About the Book
The rare book world is stunned when a reclusive collector, Adam Diehl, is found on the floor of his Montauk home: hands severed, surrounded by valuable inscribed books and original manuscripts that have been vandalised beyond repair.
Adam’s sister, Meghan, and her lover, Will – a convicted if unrepentant literary forger – struggle to come to terms with the seemingly incomprehensible murder.
But when Will begins receiving threatening handwritten letters, seemingly penned by long-dead authors, but really from someone who knows secrets about Adam’s death and Will’s past, he understands his own life is also on the line – and attempts to forge a new beginning for himself and Meg.
In The Forgers, Bradford Morrow reveals the passion that drives collectors to the razor-sharp edge of morality, brilliantly confronting the hubris and mortal danger of rewriting history with a fraudulent pen.
Format: Paperback (256 pages) Publisher: Grove Press UK
Publication date: 5th November 2020  Genre: Crime, Mystery
Previously published in the US in 2014, The Forgers is set in the slightly obsessive world of antiquarian book collectors and dealers who, according to the book’s narrator, share “little else than a rabid passion for the printed page”. But not just any old printed page; we’re talking rare first editions, unpublished manuscripts, private letters and volumes inscribed by the author.
The narrator, Will (although he is rarely referred to by name), is a self-confessed forger. As he declares, “I myself was once a forger. Undeniably, and even unashamedly, triumphantly a forger.” He has a high opinion of his own ability, considering the forged inscriptions he adds to books to be ‘improvements’ and works of art in their own right. Reflecting on one of his creations, he says, “A forgery of this high quality is, to my mind, as informed by genius as any of your everyday authentic originals. It’s just that the creativity involved is of an altogether different variety.”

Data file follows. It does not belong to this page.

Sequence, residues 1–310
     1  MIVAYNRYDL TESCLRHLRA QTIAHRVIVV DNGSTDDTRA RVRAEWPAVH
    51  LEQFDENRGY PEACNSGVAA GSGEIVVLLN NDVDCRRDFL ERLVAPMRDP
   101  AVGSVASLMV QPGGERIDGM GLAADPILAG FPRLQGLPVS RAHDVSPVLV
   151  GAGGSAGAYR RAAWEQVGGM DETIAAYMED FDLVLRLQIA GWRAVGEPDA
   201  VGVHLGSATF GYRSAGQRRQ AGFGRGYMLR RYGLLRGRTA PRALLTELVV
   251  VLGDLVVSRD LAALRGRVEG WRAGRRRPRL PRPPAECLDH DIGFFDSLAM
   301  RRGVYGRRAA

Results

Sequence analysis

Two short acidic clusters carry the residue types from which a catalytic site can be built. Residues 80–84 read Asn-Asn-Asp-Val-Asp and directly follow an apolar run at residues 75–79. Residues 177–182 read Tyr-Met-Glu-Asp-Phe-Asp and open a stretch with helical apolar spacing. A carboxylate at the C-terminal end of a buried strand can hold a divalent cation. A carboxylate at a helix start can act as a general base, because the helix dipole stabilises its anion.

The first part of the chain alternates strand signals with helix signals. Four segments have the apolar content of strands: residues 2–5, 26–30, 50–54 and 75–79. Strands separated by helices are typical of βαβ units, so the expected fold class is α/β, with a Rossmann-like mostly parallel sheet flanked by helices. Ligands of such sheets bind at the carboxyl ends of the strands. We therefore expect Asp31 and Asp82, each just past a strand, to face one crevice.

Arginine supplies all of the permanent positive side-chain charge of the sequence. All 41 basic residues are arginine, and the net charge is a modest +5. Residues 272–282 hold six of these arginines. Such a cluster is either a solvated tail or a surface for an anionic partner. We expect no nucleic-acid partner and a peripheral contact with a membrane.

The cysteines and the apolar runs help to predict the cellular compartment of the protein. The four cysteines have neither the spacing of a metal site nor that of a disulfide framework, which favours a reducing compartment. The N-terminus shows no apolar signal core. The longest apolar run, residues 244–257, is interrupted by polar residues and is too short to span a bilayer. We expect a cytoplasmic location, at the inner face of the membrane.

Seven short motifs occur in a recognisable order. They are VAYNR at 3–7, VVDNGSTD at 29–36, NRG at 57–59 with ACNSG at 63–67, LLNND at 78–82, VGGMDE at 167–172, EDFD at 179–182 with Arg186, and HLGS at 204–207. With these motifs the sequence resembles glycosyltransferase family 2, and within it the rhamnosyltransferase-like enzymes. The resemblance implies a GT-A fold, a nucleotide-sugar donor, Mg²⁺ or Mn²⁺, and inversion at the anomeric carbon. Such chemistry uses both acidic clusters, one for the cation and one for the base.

Given the above, the reader may well consider his testimony suspect from the outset. Will’s one redeeming feature is his devotion to Meghan, the sister of the murdered man, for whose sake he has undertaken to leave his nefarious past behind.
These worthy intentions are disrupted by the arrival of accusatory letters from a man whom Will comes to think of as his ‘epistolary nemesis’, rather in the manner of Sherlock Holmes’ arch-enemy Moriarty. An apt comparison, since Will is an expert on the writings of Arthur Conan Doyle. After all, he’s forged enough of them.
The author creates an air of increasing unease and tension as Will tries to discover the identity of his mystery correspondent and becomes increasingly paranoid about the threat he poses. There is also some playful humour. Reflecting on his progress at learning to operate a printing press, Will reports, “To say I took to it like a duck to water would be to employ a cliché – a lame duck of a cliché, at that.”
The book includes misdirection and red herrings in the manner of Agatha Christie and, although it started off promisingly, I have to say it rather fizzled out and I was left with a sense of anti-climax as I turned the final pages. The Forgers is an entertaining read and interesting as a portrait of the darker side of the antiquarian book world but not the completely satisfying mystery I’d hoped for.
I received an advance review copy courtesy of Grove Press and Readers First.
In three words: Clever, playful, humorous
Try something similar: The Word Is Murder by Anthony Horowitz
About the Author
Bradford Morrow is the author of eight previous novels, including The Forgers and The Prague Sonata. He is the founding editor of Conjunctions. A professor of literature and Bard Center Fellow at Bard College, he lives in New York City. (Photo credit: Goodreads author profile)